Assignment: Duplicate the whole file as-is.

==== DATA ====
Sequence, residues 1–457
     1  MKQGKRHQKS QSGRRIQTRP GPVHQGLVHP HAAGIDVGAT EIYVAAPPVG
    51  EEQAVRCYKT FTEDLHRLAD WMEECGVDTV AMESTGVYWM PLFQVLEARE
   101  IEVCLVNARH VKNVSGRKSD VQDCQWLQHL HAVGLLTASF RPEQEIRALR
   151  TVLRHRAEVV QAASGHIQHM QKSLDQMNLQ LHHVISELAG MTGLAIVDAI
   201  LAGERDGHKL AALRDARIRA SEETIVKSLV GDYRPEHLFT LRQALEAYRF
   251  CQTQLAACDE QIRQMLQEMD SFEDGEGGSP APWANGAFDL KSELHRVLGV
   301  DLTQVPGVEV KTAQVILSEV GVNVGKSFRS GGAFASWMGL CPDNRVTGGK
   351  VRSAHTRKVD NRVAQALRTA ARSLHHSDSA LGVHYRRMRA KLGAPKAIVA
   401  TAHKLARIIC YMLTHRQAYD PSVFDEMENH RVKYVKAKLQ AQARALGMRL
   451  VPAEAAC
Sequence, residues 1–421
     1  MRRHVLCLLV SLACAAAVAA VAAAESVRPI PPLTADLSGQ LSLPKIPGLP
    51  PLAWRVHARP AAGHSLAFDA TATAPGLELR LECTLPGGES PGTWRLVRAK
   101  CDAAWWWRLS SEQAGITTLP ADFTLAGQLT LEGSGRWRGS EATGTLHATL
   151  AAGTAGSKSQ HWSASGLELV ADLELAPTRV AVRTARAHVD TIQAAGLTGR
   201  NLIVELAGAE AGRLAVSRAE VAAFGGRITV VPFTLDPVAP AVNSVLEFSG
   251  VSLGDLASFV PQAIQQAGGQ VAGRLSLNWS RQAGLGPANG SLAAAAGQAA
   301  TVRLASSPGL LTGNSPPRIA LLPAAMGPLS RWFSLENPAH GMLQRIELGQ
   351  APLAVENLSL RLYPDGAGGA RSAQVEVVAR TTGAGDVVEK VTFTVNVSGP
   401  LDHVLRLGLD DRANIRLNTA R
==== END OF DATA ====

Sequence, residues 1–457
     1  MKQGKRHQKS QSGRRIQTRP GPVHQGLVHP HAAGIDVGAT EIYVAAPPVG
    51  EEQAVRCYKT FTEDLHRLAD WMEECGVDTV AMESTGVYWM PLFQVLEARE
   101  IEVCLVNARH VKNVSGRKSD VQDCQWLQHL HAVGLLTASF RPEQEIRALR
   151  TVLRHRAEVV QAASGHIQHM QKSLDQMNLQ LHHVISELAG MTGLAIVDAI
   201  LAGERDGHKL AALRDARIRA SEETIVKSLV GDYRPEHLFT LRQALEAYRF
   251  CQTQLAACDE QIRQMLQEMD SFEDGEGGSP APWANGAFDL KSELHRVLGV
   301  DLTQVPGVEV KTAQVILSEV GVNVGKSFRS GGAFASWMGL CPDNRVTGGK
   351  VRSAHTRKVD NRVAQALRTA ARSLHHSDSA LGVHYRRMRA KLGAPKAIVA
   401  TAHKLARIIC YMLTHRQAYD PSVFDEMENH RVKYVKAKLQ AQARALGMRL
   451  VPAEAAC
Sequence, residues 1–421
     1  MRRHVLCLLV SLACAAAVAA VAAAESVRPI PPLTADLSGQ LSLPKIPGLP
    51  PLAWRVHARP AAGHSLAFDA TATAPGLELR LECTLPGGES PGTWRLVRAK
   101  CDAAWWWRLS SEQAGITTLP ADFTLAGQLT LEGSGRWRGS EATGTLHATL
   151  AAGTAGSKSQ HWSASGLELV ADLELAPTRV AVRTARAHVD TIQAAGLTGR
   201  NLIVELAGAE AGRLAVSRAE VAAFGGRITV VPFTLDPVAP AVNSVLEFSG
   251  VSLGDLASFV PQAIQQAGGQ VAGRLSLNWS RQAGLGPANG SLAAAAGQAA
   301  TVRLASSPGL LTGNSPPRIA LLPAAMGPLS RWFSLENPAH GMLQRIELGQ
   351  APLAVENLSL RLYPDGAGGA RSAQVEVVAR TTGAGDVVEK VTFTVNVSGP
   401  LDHVLRLGLD DRANIRLNTA R